The scientists are studying fibres formed between protein aggregates called amyloid and nucleic acids that are the building blocks of DNA. The researchers have found that the binding of Amyloid (A) to Nucleic Acid (NA) in the ANA fibres helps them grow.
Some types of ANA fibres may have been present on the early earth as life first emerged. Other types form plaques in the brain where they are toxic to nerve cells, causing damage and the symptoms of dementia.
Prof Trevor Dale, from the School of Bioscience at Cardiff University, explains further:
“Our findings have importance for Alzheimer’s disease because it may be that we can find a way to stop the ANA fibres forming and protect the brain from harm. We also think that these fibres may have played a role on the early earth where they could have been the first entities subject to Darwinian evolution.”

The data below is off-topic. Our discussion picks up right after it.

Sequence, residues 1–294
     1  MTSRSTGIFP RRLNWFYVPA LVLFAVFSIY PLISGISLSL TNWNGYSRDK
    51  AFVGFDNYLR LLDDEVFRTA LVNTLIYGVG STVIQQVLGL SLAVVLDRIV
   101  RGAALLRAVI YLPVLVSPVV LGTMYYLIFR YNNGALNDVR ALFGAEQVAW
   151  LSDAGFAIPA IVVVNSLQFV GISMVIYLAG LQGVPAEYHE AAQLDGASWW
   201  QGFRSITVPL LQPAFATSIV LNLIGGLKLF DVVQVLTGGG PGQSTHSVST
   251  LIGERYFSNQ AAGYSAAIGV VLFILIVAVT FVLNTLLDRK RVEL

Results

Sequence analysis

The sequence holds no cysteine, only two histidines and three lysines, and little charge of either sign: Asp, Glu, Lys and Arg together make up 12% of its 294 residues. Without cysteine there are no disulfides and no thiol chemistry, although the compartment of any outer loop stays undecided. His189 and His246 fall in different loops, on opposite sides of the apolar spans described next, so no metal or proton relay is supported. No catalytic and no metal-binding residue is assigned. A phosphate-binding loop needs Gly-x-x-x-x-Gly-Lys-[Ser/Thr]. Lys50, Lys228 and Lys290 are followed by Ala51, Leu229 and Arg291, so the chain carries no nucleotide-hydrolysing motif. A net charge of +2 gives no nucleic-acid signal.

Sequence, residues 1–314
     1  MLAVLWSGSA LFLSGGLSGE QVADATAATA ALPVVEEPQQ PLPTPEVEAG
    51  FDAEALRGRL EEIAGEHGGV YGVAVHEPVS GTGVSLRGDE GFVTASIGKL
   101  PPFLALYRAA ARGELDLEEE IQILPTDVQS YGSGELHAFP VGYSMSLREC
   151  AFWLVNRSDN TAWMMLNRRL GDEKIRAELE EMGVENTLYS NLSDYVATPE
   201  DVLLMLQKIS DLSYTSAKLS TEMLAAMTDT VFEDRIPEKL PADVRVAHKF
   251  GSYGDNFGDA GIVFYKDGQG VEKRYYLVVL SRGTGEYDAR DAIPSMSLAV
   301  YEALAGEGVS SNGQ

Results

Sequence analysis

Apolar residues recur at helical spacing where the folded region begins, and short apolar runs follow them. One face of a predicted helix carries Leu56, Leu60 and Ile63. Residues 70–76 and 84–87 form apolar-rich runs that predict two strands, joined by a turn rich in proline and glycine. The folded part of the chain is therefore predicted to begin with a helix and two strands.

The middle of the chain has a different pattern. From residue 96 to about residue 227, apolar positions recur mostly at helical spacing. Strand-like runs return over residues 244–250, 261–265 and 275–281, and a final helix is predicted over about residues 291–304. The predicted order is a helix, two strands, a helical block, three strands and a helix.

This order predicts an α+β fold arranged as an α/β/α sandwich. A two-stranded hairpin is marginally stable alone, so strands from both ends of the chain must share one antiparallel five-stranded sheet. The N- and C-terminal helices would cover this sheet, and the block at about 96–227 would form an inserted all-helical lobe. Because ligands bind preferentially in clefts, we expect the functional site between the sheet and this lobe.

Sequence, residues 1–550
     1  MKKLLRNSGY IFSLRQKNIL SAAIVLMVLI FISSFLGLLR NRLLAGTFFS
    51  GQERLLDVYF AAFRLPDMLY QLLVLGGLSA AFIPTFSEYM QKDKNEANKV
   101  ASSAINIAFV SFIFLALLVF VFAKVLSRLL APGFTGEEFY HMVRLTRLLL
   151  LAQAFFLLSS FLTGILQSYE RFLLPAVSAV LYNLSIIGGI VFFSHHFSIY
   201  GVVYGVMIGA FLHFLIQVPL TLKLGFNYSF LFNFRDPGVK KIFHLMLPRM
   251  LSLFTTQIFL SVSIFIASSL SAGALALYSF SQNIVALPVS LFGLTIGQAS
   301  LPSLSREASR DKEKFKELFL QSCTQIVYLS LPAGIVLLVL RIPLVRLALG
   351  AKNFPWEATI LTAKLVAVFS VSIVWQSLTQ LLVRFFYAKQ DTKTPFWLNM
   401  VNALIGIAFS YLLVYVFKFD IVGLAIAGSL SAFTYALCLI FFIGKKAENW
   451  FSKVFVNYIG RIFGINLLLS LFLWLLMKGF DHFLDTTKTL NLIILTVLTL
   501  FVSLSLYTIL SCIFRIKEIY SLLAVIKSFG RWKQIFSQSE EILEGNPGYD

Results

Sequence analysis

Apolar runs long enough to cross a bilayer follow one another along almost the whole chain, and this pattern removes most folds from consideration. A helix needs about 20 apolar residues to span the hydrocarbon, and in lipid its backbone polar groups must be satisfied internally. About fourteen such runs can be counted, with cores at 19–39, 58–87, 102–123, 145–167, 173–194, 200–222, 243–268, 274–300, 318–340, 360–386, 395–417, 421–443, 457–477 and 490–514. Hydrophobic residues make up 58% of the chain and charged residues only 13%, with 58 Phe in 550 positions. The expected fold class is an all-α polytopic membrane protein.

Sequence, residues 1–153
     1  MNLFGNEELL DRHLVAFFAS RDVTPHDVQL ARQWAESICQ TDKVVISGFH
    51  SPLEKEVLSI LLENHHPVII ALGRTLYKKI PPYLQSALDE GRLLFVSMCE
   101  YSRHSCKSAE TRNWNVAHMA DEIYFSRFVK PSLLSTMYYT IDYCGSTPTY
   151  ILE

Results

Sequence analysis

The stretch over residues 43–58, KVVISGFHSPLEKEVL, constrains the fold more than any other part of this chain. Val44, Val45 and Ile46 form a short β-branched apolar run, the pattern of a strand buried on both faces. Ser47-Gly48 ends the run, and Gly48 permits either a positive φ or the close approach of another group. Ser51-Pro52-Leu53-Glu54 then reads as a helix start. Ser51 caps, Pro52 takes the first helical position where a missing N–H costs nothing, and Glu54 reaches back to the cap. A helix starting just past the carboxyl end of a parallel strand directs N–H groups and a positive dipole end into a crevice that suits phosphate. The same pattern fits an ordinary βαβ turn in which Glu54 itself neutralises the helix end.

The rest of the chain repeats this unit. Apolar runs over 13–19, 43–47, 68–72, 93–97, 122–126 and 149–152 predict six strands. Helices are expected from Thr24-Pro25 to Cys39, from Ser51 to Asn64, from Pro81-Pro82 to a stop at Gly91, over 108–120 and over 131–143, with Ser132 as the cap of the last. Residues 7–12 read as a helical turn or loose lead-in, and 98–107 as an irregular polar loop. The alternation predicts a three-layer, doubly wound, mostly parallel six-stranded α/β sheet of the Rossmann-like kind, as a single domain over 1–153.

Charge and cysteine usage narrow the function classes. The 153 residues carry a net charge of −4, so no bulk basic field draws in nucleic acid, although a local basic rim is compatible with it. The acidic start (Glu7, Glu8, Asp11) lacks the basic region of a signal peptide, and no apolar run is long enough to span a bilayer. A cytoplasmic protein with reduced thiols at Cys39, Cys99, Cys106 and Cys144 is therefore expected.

Dr Simon Ridley, Head of Research at Alzheimer’s Research UK, the UK’s leading dementia research charity, said:
“If we can understand how amyloid forms and becomes toxic, we may be able to find out how to stop it, opening the door to developing new treatments for Alzheimer’s and other diseases.
“Research in Cardiff is making great progress towards defeating dementia and we look forward to hearing the latest findings at our upcoming event.
“Research is the only answer to Alzheimer’s disease. We must invest now to find the treatments we urgently need for the 820,000 people in the UK living with dementia today, and protect future generations from this devastating condition.”
To find out more about the latest Alzheimer’s research the public are invited to a free event in Cardiff on 31st May, 11am-3:30pm. Everyone affected by dementia as a patient, carer, family or health professional is welcome. The talks take place at Cardiff City Stadium, advance booking essential. More details on research events pages.